Fighting resumed between Israel and Hamas on Friday morning, ending a seven-day ceasefire between the two sides that had seen hostages and prisoners released and much-needed humanitarian assistance reaching the Gaza Strip.

Here’s a look at some of the key questions around the latest developments.

Why did the ceasefire end?

An hour before the ceasefire was due to end at 07:00 local time (05:00 GMT), the Israel Defense Forces (IDF) reported that sirens were sounding for communities close to the Gaza Strip – it then said it had intercepted a rocket fired from the enclave.

An hour later, Israel’s military said fighting had resumed, accusing Hamas of violating the terms of the agreement.

The IDF then said its fighter jets were striking Hamas targets in the Gaza Strip.

Shortly after, Israel’s Prime Minister Benjamin Netanyahu said Hamas had not “met its obligation to release all of the women hostages today and has launched rockets at Israeli citizens”.

However, Hamas blamed Israel for the resumption in fighting, saying it refused “to accept all offers to release other hostages”.

“The occupation had a prior decision to resume the criminal aggression,” it said in a statement, blaming US President Joe Biden for “the continuation of Zionist war crimes in the Gaza Strip” and “giving the green light to Israel”.

Throughout the week-long ceasefire, Mr Netanyahu has come under pressure, particularly from right-wing elements in his government, to re-start the war – something Israel has continually made clear it intended to do once the agreement had come to an end.

Despite this, there are still hopes that a new agreement could be reached. Qatar, which has played a crucial role so far in negotiations over a ceasefire, confirmed on Friday that talks were continuing “with the aim of returning to a pause”.

What’s the situation in Gaza?

Within seven hours of the fighting resuming, the Hamas-run health ministry said more than 60 people had been killed, adding to the nearly 15,000 Palestinians it said were killed before the ceasefire.

James Elder from Unicef, the UN children’s agency, spoke to the BBC from a hospital in southern Gaza after the bombing started, describing the situation as “terrifying”.

He said it was “horrendous for people” and that “you see the fear on their faces”, adding that a strike had hit close to the facility he was in.

He described the end of the ceasefire as “the nightmare that everyone utterly feared”.

Before the ceasefire, the Gaza Strip had undergone widespread destruction as Israel conducted its retaliatory campaign in response to Hamas’s deadly 7 October attacks.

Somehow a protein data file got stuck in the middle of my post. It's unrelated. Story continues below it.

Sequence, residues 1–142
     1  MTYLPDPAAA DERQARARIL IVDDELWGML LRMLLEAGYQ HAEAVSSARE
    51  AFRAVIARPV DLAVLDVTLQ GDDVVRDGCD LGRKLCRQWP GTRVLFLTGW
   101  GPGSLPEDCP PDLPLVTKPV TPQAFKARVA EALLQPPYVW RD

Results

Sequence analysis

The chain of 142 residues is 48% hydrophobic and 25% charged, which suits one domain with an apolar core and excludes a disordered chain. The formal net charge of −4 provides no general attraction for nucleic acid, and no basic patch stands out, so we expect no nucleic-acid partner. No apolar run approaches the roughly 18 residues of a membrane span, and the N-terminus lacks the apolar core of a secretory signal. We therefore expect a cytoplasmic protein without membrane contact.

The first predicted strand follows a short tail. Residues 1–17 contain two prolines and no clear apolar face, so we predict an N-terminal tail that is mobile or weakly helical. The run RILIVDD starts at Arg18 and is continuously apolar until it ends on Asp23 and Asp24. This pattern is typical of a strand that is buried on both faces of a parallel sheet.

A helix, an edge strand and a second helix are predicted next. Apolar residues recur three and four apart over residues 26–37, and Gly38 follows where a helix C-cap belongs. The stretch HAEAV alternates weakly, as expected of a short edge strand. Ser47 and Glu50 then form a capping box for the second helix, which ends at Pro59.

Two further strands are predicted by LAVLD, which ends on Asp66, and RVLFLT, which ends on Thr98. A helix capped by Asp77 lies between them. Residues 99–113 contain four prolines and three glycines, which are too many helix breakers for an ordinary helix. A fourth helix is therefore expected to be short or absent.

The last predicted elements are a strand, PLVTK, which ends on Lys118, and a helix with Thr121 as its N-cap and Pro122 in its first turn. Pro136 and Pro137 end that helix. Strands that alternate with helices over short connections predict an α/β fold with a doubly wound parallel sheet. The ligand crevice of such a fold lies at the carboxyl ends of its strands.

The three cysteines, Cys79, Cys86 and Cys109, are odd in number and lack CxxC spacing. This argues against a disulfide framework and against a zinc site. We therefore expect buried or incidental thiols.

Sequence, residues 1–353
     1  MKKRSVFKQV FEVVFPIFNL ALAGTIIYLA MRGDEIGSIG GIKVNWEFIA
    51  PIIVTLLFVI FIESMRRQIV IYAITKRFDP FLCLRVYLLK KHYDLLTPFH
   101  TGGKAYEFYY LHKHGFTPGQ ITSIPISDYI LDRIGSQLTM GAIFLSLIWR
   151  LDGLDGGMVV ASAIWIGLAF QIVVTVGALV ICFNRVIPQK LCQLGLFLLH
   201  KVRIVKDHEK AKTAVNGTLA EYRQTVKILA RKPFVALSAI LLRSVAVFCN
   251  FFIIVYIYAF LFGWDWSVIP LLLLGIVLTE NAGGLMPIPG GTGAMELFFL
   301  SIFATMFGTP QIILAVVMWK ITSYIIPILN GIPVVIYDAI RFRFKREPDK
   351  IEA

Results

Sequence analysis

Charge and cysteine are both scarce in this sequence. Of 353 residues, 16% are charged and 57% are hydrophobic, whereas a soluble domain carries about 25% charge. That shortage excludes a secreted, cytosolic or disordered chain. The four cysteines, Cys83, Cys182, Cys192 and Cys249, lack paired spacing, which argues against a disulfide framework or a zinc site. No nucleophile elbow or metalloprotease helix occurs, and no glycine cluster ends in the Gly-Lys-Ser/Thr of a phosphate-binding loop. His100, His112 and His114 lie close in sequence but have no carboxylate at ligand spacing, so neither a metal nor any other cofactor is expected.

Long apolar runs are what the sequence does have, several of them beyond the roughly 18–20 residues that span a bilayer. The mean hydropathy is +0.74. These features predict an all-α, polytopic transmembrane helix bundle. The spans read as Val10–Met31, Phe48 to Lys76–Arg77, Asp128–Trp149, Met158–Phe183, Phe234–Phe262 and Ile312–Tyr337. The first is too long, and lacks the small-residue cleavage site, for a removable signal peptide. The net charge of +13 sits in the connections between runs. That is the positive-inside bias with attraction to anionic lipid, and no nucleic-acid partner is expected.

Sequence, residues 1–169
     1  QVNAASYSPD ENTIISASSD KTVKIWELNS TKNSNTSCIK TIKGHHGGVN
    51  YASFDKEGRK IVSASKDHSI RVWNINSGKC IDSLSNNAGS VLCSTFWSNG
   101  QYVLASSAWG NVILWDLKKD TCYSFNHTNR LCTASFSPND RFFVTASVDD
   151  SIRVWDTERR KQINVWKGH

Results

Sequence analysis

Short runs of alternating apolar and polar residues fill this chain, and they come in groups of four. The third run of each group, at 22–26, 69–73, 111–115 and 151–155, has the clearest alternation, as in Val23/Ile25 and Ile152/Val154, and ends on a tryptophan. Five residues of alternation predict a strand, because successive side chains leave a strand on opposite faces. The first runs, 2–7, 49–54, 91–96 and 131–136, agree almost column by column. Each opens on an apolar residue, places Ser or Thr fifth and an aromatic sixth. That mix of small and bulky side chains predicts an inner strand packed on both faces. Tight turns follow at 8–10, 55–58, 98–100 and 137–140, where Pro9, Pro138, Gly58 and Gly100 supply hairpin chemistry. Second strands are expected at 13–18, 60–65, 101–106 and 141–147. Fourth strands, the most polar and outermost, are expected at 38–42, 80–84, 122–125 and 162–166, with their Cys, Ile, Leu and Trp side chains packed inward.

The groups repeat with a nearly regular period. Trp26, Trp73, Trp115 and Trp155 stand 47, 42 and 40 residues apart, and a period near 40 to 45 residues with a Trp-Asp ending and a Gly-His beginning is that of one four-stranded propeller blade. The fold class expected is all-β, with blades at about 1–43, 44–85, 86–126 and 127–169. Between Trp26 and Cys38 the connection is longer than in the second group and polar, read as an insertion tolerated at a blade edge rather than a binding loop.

Israel claimed to have used more than 10,000 bombs and missiles, and BBC analysis found that almost 98,000 buildings in Gaza may have suffered damage, with most concentrated in the north.

The strikes also brought humanitarian aid to a halt. Aid agencies were able to use the pause in fighting to get crucial assistance in, but reported finding devastation in many of the areas they reached.

What happens next?

Although negotiations continue in the hope of a new deal being reached, for now it’s clear that the war has resumed.

After weeks of intense fighting in the north of the Gaza Strip – particularly around Gaza City – Israel’s military now appears to be focussing much of its attention on the south, where renewed air strikes have been reported.

The IDF has also created a map of Gaza divided into more than 2,000 zones, which it said will be used to help people in Gaza escape future fighting. It said the map is split into areas to enable people to “evacuate from specific places for their safety if required”.

On Friday, Israeli jets dropped leaflets over areas east and north of Khan Younis, the largest city in southern Gaza, linking to the map. The flyers did not refer to any of the numbered blocks, but a message in Arabic told residents in four named – but not numbered – areas to “evacuate immediately and go to shelters in Rafah”.

The renewed fighting comes after US Secretary of State Antony Blinken met with Israeli officials, where he insisted the next stage of the war must ensure civilians are protected.

Mr Blinken said he had told the Israeli government that it must avoid further mass displacement of Palestinians and damage to critical infrastructure, such as hospitals, power stations and water facilities.

What happened during the ceasefire?

During the seven-day ceasefire, Hamas agreed to release 110 people from Gaza, including 78 Israeli women and children.

As part of the deal, 240 Palestinians were also released from Israeli jails. They had been accused of a range of offences, from throwing stones to incitement and attempted murder.

Many of the Palestinians released had not been convicted of crimes, and were being held on remand while awaiting trial. Some said they had been subjected to abuse and collective punishment after the 7 October attacks. Israel says all its prisoners are detained according to the law.

It is estimated that about 140 Israeli hostages remain in captivity in Gaza.